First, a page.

Ruinas de Tazumal
- tel, info: 2408 4295
- full US$3.00
- Tue-Sun 09:00-17:00
Lonely Planet review for Ruinas de Tazumal
The Mayan ruins of Tazumal, in Chalchuapa, are considered the most important and best preserved in El Salvador. The name Tazumal means 'pyramid where the victims were burned' in the Quiché language. The excavated ruins on display here are only one part of a zone covering 10 sq km (4 sq mi) - most of the ancient wonders still lie buried under the town.
Archaeologists estimate that the first settlements in the area date from around 5000 BC. The excavated structures date from a period spanning over 1000 years. The artifacts found at Tazumal provide evidence of ancient trade between Tazumal and places as far away as Panama and Mexico.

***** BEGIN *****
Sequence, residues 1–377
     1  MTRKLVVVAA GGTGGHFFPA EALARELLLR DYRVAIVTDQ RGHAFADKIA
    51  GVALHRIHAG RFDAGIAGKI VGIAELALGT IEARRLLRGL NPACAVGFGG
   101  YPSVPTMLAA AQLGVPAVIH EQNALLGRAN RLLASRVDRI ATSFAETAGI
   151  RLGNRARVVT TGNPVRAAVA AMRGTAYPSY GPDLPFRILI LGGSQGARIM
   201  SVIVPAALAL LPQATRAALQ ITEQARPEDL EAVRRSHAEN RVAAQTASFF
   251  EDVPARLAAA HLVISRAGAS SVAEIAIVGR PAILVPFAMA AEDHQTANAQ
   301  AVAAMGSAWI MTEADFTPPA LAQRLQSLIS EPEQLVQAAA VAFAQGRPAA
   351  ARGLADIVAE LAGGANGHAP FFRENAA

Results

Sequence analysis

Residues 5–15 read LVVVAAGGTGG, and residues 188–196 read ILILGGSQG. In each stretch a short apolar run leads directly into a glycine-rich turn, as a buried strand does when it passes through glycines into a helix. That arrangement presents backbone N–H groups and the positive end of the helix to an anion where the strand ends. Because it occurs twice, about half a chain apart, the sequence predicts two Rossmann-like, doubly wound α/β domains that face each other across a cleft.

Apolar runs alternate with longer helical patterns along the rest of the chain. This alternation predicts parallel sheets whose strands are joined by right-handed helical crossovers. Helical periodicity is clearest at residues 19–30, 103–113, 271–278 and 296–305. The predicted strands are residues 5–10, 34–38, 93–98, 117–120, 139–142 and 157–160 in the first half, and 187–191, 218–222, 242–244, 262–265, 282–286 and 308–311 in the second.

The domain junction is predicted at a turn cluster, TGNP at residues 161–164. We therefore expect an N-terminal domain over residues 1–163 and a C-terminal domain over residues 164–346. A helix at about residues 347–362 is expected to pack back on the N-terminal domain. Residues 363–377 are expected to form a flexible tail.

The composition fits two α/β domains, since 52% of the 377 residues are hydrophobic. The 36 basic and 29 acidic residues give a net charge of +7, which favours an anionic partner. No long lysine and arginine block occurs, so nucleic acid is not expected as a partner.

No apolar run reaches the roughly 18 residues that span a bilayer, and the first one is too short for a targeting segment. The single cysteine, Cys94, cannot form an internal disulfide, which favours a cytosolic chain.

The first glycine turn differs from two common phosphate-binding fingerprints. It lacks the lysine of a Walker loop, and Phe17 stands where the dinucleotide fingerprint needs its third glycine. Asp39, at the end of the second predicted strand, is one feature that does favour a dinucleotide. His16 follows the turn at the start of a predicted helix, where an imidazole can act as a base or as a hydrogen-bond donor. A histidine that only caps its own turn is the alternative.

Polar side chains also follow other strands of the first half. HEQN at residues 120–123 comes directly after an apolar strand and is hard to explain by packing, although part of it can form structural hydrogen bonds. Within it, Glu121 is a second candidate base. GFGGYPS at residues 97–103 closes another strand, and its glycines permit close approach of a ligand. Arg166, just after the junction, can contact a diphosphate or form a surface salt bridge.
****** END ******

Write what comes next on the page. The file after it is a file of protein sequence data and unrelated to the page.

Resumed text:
One of the most important artifacts uncovered is a lifesize statue of Xipe-totec, a Nahua god of fertility and war. The figure is covered in what appears to be scales, but are believed to represent pieces of human skin that were evidently cut from sacrificial victims as a tribute.